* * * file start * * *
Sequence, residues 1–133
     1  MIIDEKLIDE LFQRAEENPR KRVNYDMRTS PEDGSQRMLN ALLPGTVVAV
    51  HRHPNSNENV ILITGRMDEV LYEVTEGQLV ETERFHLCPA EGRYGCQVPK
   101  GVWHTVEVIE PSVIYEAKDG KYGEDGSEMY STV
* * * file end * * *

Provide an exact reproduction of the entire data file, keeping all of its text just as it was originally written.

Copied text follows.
Sequence, residues 1–133
     1  MIIDEKLIDE LFQRAEENPR KRVNYDMRTS PEDGSQRMLN ALLPGTVVAV
    51  HRHPNSNENV ILITGRMDEV LYEVTEGQLV ETERFHLCPA EGRYGCQVPK
   101  GVWHTVEVIE PSVIYEAKDG KYGEDGSEMY STV